French Drains have become synonymous with the interception and/or control of sub surface water. However their installation is not always beneficial when they are used as a remedial measure to control damp problems in existing buildings.
Originally designed (some considerable time ago) and then improved and named by an American farmer more recently (19thC), the French Drain is effectively an evolved land or field drain. Originally early farmers would have cut shallow interceptor trenches across fields as dewatering measures. The trenches would have been filled with stone to keep them open. This system is still used today – although farmers now generally build deeper trenches with perforated pipes laid in the bottom. The idea of creating a more (efficient) open channel in the bottom of the trench – originally using clay tile – was supposedly Henry French’s (although one might suspect others had used it before him).
The main thing to bear in mind is the land or field drain is a means of control for surface water or de watering water logged soil – on clay. Well drained soils do not generally suffer from water logging – for obvious reasons.
I first came across French Drains when working as an engineer on road construction. For this application, they are used for the interception and disposal of high volumes of surface water collected from the road surface. Generally any unsuitable material exposed in the construction strip was replaced with a free draining material – so the French Drain had very little to do with interception of sub surface water. It was simply a deep trench filled with stone (and a perforated pipe) necessary to intercept and discharge high volumes of surface water.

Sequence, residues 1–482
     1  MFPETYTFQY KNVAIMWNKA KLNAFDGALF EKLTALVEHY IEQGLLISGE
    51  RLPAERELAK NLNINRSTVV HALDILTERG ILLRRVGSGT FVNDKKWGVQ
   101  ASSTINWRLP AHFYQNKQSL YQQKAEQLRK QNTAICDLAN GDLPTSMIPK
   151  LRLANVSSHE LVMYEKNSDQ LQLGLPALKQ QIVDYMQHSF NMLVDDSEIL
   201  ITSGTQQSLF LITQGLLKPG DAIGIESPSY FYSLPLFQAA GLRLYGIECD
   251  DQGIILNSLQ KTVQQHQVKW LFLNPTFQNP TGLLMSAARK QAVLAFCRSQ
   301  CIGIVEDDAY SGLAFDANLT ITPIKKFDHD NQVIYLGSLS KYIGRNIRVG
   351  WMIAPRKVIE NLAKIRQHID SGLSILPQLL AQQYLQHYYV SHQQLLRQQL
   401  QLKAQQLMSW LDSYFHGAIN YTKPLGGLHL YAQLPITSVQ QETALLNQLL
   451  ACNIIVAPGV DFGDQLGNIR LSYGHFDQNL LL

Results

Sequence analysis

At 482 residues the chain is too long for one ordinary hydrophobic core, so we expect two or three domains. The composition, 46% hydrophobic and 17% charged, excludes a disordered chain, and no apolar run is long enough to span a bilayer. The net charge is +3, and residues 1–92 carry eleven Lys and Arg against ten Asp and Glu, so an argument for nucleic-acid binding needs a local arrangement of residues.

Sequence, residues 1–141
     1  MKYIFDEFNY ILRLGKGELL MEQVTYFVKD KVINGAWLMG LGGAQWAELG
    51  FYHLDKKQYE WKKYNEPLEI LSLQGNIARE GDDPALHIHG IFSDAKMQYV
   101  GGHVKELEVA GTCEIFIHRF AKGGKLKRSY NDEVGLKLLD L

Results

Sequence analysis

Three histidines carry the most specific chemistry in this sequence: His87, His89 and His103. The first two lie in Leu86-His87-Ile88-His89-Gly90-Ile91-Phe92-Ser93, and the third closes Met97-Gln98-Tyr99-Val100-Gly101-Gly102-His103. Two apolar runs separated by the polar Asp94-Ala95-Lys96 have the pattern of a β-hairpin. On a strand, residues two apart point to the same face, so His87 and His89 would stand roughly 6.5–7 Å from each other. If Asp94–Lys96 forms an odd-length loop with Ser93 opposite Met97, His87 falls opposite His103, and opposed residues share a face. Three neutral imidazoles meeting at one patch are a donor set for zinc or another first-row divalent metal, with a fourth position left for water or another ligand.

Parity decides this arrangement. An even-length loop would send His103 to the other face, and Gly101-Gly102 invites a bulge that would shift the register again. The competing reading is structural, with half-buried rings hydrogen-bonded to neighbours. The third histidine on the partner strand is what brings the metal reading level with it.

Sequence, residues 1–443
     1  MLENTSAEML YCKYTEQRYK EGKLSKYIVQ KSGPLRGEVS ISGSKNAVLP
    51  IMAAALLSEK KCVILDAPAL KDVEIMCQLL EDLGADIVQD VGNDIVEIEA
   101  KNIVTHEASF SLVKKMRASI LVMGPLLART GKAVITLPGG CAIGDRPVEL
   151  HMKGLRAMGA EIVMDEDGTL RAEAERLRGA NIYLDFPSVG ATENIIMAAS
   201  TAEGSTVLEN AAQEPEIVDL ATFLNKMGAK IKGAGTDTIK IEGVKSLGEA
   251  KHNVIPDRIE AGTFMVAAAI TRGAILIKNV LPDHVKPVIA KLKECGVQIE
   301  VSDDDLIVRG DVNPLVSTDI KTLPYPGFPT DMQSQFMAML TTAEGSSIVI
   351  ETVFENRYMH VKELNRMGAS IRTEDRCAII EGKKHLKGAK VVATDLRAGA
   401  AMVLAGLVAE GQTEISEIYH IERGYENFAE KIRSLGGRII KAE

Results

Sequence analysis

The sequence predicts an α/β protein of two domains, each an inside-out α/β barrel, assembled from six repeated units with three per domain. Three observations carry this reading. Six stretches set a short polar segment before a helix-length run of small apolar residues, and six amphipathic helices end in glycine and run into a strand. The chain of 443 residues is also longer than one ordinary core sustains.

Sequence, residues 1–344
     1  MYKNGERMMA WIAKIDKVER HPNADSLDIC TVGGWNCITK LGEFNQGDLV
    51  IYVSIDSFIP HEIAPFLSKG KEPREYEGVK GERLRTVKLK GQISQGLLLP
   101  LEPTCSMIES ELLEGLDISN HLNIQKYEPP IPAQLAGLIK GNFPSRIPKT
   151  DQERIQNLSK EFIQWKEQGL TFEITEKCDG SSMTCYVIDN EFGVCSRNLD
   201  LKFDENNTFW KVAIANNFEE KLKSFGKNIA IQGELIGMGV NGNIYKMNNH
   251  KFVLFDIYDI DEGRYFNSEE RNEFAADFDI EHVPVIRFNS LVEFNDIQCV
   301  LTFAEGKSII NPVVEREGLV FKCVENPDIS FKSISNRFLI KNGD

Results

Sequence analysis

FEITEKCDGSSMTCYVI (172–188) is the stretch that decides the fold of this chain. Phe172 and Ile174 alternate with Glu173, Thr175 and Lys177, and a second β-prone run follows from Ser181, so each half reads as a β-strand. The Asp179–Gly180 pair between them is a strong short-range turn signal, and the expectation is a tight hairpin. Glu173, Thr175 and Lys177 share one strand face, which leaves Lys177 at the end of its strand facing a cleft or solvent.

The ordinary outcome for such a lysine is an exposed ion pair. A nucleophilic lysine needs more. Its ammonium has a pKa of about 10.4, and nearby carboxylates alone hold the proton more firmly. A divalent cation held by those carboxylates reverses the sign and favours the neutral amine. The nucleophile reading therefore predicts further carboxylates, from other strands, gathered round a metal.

With a few exceptions (well drained soil lying over a tilted bed of clay or ground sloping dramatically towards a building for example) – water doesn’t generally move laterally sub surface. If the soil is clayey water doesn’t move through it but over it. If the soil is well drained, water percolates straight down to the water table.
This brings us back round (once again) to the old chestnut ‘Rising Damp’. When a damp problem is identified in an existing building, French Drains are often installed (sometimes even as a preemptive measure), – which often exacerbates the situation – creating a deep stone filled muddy puddle around the building.
More often than not damp problems are caused by ineffective management/control of surface water over badly draining (clayey) soils. The fix – to re profile the external ground and install surface/open channels or interceptor drainage – can be invasive and costly – with installation of a French Drain usually being much cheaper.
It could be argued that a French Drain can still act as an interceptor drain – so what is the problem? However there are a number of logistical problems with constructing a French Drain around a house – as opposed to laying one across a field. As a field drain it will be taking high volumes of surface water and will often have falls to open ditches. As a small drain excavated around a building, sufficient falls will be difficult to achieve and water flow will usually be minimal. Water will generally trickle into the trench, bypass any perforated pipe and sit in the bottom of the trench – keeping the soil saturated.
It is advisable to keep any surface water where you can see it – rather than allow it to travel sub surface.
This is not to say there are no applications for French Drains with regard to construction. They are effective interceptors for buildings which back onto sloping ground. They can also be used to drain back-filled material around new build subterranean structures – or be used to de water chronically saturated ground.
However in the case of a thatched cottage with damp problems (for example), it is always preferable to focus on shedding water clear of a building perimeter to open channels – rather than digging a French Drain around it. Given time the French Drain often morphs into a planter which, although more aesthetically pleasing, compounds any problem there may previously have been.